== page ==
In chapter 2, as we will discover, the questions do not stop – Who can forgive sins but God alone?  Why does he eat with tax collectors and sinners?  Why are they doing what is not lawful on the Sabbath?

            For each question, Jesus has a response – Stand up, take your mat and go home.  Those who are well have no need of a physician, but those who are sick; I have come to call, not the righteous, but sinners.  The Sabbath was made for humankind and not humankind for the Sabbath.

            Even more, Jesus has a life.  He lives his life in a particular way, shaped and driven by a particular mission, a mission to which he calls his followers.  As they approach Jerusalem, James and John ask a favor – to be given seats of honor in his glory.  This angers the other disciples.  But Jesus says, “You know that among the Gentiles those whom they recognize as their rulers lord it over them, and their great ones are tyrants over them.  But it is not so among you; but whoever wishes to become great among you must be your servant and whoever wishes to be first among you must be slave of all.  For the Son of Man came, not to be served, but to serve, to give his life, that many people might be liberated.”

 

            For them, this means liberation from the centrality of the temple in Jerusalem as the only place of worship – the only place where people have access to God.  For them, it also means liberation from the priests who are in control of that access and of whatever benefits faithful people receive from God.  For them and for us, it means that our relationship with God comes though Jesus and Jesus alone – and that not even the death of Jesus can stop God from working in the world.

            Now after John was arrested, Jesus came to Galilee, proclaiming the good news of God, and saying, ‘The time is fulfilled, and the kingdom of God has come near; repent and believe the good news.’

 

            This is the Second Sunday of Christmas.  Most of us, and certainly most of the world, have moved on from Christmas.  We’ve even moved on from New Year’s.  What is occupying our attention now is football.  This weekend, the bulk of the college bowl games were contested.  Only the national championship game has yet to be played.  After today the NFL also moves into the playoffs which will culminate in a few weeks in the Super Bowl.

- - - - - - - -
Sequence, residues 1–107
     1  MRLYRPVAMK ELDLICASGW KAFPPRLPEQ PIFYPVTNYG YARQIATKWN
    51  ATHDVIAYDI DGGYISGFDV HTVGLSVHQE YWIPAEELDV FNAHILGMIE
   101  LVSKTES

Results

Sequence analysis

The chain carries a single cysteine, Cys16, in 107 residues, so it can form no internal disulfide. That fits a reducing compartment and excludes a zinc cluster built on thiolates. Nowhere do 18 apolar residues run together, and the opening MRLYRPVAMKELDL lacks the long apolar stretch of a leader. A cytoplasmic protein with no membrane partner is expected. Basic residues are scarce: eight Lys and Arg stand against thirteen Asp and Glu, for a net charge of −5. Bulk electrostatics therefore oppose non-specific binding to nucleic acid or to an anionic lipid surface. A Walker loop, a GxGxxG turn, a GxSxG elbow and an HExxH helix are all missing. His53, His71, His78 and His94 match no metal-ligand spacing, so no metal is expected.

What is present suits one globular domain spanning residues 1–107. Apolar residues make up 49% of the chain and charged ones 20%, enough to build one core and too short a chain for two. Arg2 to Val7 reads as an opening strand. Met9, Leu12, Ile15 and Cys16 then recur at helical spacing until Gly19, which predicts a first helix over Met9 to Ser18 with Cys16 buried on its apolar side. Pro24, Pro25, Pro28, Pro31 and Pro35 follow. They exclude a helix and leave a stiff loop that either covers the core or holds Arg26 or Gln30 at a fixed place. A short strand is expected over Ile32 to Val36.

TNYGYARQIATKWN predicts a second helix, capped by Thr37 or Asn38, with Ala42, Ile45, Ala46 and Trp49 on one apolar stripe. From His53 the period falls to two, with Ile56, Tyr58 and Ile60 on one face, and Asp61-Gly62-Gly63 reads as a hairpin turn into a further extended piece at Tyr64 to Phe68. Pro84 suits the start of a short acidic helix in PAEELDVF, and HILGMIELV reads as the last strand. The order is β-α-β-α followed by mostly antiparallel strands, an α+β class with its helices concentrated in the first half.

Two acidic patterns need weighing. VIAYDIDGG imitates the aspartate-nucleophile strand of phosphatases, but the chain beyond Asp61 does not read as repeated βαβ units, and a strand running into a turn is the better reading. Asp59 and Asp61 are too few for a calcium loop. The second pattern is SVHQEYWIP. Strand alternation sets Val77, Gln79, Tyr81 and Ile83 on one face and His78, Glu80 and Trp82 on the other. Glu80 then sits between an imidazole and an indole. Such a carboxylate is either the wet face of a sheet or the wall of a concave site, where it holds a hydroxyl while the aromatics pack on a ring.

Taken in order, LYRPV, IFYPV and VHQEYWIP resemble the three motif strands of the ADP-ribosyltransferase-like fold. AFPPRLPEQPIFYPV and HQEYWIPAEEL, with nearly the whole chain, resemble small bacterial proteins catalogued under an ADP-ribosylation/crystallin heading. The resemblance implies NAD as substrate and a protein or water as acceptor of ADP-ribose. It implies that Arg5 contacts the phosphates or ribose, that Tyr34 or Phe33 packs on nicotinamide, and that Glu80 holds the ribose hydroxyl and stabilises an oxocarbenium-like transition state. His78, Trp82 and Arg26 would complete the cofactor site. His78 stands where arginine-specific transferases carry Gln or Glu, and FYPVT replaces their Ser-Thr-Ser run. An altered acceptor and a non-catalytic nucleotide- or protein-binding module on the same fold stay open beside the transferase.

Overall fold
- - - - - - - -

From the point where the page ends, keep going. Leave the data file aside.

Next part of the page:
The ancient Romans didn’t have football.  They had chariot races.  There were 120 official Roman holidays and on most of them there were chariot races.  The biggest venue for these races was the Circus Maximus.  The race track was one-half mile long and one-tenth mile wide. 

            I learned about Roman chariot races in the 1959 movie, “Ben Hur,” which starred Charlton Heston and won 11 Academy awards.  It was originally produced in 1924 and will be produced again this year – 2016.  There is much more to the story, but the part of the movie that impressed me the most as a child – and the only part I remember – were the chariot races.  I don’t know if there was a specific length to the race, but the excitement came watching each charioteer trying to make the others wipe-out.

            This happened most often at each end of the oval.  There was something called a “meta” – a turning point – at those spots marked by three pillars.  That’s where the fight in the race was most fierce.  Good charioteers knew how to aim and draw as close to that point as possible in order to make a good turn and hence to gain an advantage.

            “Meta” is what Jesus is calling us to – not a competitive race, but a turning point.  The word ‘repent’ in Greek has that word in it – metanoia – change of mind or turning of mind.  Jesus is the meta – he is the turning point for the kingdom of God.  And he is the turning point for us.

 

            Now after John was arrested, Jesus came to Galilee, proclaiming the good news of God, and saying, ‘The time is fulfilled, and the kingdom of God has come near; repent and believe the good news.’

            It is Jesus himself who has brought the kingdom of God near.  It is Jesus himself who bears the kingdom of God.  It is Jesus himself who is the good news.

            And this is the beginning of the gospel for us – when we hear this proclamation and respond by following Jesus.